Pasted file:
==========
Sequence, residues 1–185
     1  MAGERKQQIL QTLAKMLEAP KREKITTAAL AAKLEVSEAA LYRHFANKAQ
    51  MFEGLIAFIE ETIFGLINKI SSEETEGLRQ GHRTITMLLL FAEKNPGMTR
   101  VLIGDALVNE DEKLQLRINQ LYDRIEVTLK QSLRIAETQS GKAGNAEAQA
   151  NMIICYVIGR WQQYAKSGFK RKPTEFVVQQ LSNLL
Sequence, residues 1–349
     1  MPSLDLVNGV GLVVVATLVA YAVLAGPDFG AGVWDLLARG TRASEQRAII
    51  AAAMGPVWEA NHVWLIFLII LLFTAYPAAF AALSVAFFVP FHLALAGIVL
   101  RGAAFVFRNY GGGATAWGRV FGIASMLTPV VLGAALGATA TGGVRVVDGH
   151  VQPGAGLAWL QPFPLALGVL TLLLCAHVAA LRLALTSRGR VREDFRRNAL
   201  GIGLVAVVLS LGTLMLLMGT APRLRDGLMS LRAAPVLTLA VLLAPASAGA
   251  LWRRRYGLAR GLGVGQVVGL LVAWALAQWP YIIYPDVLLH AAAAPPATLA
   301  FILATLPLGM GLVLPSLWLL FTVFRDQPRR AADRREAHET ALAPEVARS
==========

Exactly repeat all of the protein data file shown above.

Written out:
Sequence, residues 1–185
     1  MAGERKQQIL QTLAKMLEAP KREKITTAAL AAKLEVSEAA LYRHFANKAQ
    51  MFEGLIAFIE ETIFGLINKI SSEETEGLRQ GHRTITMLLL FAEKNPGMTR
   101  VLIGDALVNE DEKLQLRINQ LYDRIEVTLK QSLRIAETQS GKAGNAEAQA
   151  NMIICYVIGR WQQYAKSGFK RKPTEFVVQQ LSNLL
Sequence, residues 1–349
     1  MPSLDLVNGV GLVVVATLVA YAVLAGPDFG AGVWDLLARG TRASEQRAII
    51  AAAMGPVWEA NHVWLIFLII LLFTAYPAAF AALSVAFFVP FHLALAGIVL
   101  RGAAFVFRNY GGGATAWGRV FGIASMLTPV VLGAALGATA TGGVRVVDGH
   151  VQPGAGLAWL QPFPLALGVL TLLLCAHVAA LRLALTSRGR VREDFRRNAL
   201  GIGLVAVVLS LGTLMLLMGT APRLRDGLMS LRAAPVLTLA VLLAPASAGA
   251  LWRRRYGLAR GLGVGQVVGL LVAWALAQWP YIIYPDVLLH AAAAPPATLA
   301  FILATLPLGM GLVLPSLWLL FTVFRDQPRR AADRREAHET ALAPEVARS